Acting as the financial coordinator and patient liaison on behalf of thousands of healthcare facilities nationwide, payer organizations stay busy mirroring the moves of their provider counterparts. Here are just a few of the trends currently playing out in this high profile market.
From Payer Provider Acquisition to Hospital Health Plans
Just like insurers courted physician groups in years past, providers continue to bring new competition to the payer market. More and more health systems are making the insurance play as a strategy to accept more risk in value-based contracts with employers, and as a means to better coordinate care, control costs, and move towards population health management.
Ascension Health, Catholic Health Initiatives and Sutter Health are just a few examples of provider organizations making the payer plunge this year. Montefiore Medical Center is also slated to take new insurance offerings to market in 2015. Provider-sponsored Medicare Advantage plans have fared well in CMS quality ratings in recent years and are expected to offer additional appeal via lower rates in 2015, designed to lure more patients into what are typically more narrow networks.
Quality Ratings (and Reimbursement Ramifications?) Loom for Commercial Payers
Inovalon recently shared insights on the new 5 Star Quality Rating System (modeled after the one currently employed by Medicare Advantage) that will be beta tested in the commercial/private payer market in 2015. The Quality Rating System for Qualified Health Plans (QHPs) in the health insurance marketplace (HIM) is currently only slated to bear ratings as a “competitive differentiator and consumer reference point,” but it’s easy to envision a time when there may be more than consumer goodwill driving payers to participate.
The fiscal impact of a reimbursement redistribution model similar to Medicare’s could be pretty staggering in the commercial market. A quick aggregate look at hospital financial statements in the Billian’s HealthDATA Portal places the average portion of patient charges attributed to Medicare at around 11.25% and Medicaid at about 4.3%. “Other” patient charges, which includes cash/self pay and commercial pay charges, on average account for roughly 85% of overall hospital charges. The launch of HIMs has already undoubtedly grown the portion of that “other” revenue that falls under the commercial category. It will be interesting to see how the beta period shakes out and just what else might ensue as things progress.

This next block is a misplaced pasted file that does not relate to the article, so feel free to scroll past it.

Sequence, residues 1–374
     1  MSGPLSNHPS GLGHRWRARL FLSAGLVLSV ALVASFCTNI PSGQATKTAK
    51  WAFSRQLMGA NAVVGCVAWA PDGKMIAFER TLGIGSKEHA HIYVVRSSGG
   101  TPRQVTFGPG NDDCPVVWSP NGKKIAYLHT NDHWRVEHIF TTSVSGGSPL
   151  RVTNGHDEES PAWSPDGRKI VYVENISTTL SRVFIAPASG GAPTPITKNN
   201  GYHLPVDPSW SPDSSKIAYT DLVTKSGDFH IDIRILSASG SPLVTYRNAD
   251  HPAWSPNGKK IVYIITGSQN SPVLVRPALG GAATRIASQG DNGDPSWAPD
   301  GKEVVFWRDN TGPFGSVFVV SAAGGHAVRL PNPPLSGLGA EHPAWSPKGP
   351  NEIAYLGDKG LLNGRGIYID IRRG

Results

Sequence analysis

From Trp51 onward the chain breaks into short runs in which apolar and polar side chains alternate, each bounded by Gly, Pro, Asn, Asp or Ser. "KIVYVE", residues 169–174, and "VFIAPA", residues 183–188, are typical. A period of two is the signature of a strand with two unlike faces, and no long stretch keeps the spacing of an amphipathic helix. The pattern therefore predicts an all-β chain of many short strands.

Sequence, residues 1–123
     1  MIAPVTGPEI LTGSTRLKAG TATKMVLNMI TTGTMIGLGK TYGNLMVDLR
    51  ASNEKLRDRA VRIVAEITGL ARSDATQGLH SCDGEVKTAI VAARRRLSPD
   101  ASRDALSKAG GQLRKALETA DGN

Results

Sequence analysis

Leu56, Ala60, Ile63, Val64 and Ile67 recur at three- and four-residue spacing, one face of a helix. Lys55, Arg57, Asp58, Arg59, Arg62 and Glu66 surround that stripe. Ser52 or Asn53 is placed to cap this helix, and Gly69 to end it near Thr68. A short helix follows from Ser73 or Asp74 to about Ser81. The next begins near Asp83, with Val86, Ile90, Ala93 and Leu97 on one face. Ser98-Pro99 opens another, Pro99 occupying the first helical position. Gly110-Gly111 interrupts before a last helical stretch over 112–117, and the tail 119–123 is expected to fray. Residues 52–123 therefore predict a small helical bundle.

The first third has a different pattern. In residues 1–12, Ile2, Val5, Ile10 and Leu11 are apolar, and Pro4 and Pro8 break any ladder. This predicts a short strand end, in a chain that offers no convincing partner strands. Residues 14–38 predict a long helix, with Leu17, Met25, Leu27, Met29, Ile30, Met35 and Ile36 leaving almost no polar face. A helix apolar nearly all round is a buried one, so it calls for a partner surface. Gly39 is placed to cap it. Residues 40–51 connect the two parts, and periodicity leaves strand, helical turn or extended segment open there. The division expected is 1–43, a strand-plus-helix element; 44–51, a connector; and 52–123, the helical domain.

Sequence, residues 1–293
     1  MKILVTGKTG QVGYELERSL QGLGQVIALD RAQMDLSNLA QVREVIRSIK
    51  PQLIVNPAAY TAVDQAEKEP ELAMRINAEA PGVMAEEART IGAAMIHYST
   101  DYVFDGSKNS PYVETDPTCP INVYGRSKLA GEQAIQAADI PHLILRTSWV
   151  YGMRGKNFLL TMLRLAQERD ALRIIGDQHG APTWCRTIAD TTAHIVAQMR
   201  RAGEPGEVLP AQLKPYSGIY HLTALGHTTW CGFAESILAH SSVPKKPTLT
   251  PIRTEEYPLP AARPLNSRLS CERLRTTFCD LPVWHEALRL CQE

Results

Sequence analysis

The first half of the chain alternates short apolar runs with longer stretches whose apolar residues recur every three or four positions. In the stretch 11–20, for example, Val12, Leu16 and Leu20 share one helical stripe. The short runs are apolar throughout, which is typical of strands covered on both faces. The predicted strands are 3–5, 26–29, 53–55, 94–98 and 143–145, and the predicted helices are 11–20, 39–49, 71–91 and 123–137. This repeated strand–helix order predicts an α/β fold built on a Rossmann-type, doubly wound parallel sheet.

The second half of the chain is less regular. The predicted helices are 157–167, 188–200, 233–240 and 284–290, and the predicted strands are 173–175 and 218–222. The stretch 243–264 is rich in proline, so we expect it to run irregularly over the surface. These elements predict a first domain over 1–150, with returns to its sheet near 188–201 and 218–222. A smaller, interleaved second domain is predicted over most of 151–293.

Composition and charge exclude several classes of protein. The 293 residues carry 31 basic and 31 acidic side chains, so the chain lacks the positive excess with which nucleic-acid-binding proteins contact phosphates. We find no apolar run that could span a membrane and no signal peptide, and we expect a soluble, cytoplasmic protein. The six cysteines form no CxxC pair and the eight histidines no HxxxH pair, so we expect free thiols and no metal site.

Payer Data as the Key to Population Health
In other Inovalon news, the company recently released new research examining healthcare outcome variations among more than 98 million de-identified, dual eligible and non-dual eligible Medicare Advantage patients that also took member demographic, socioeconomic, and community characteristics into consideration. “The Impact of Dual Eligible Populations on CMS Five-Star Quality Measures and Member Outcomes in Medicare Advantage Health Plans” is the largest study of its kind, conducted in collaboration with Cigna-HealthSpring, Wellcare, Healthfirst, Gateway Health, Blue Cross Blue Shield Minnesota and Blue Plus, Health Care Services Corporation (HCSC), the SNP Alliance, and Medicaid Health Plans of America (MHPA).
The results validate the integral role that income, race/ethnicity, and gender play on the measures used in CMS’s Five-Star rating system and is a fantastic example of the population health promise in broad-scale payer data sets. It also leaves me pondering just what other ugly truths population health might reveal as more organizations make advancements in putting popHealth analytics to use. You can read more about Inovalon’s Medical Outcomes Research for Effectiveness and Economics Registry (MORE2 Registry®) and study findings here.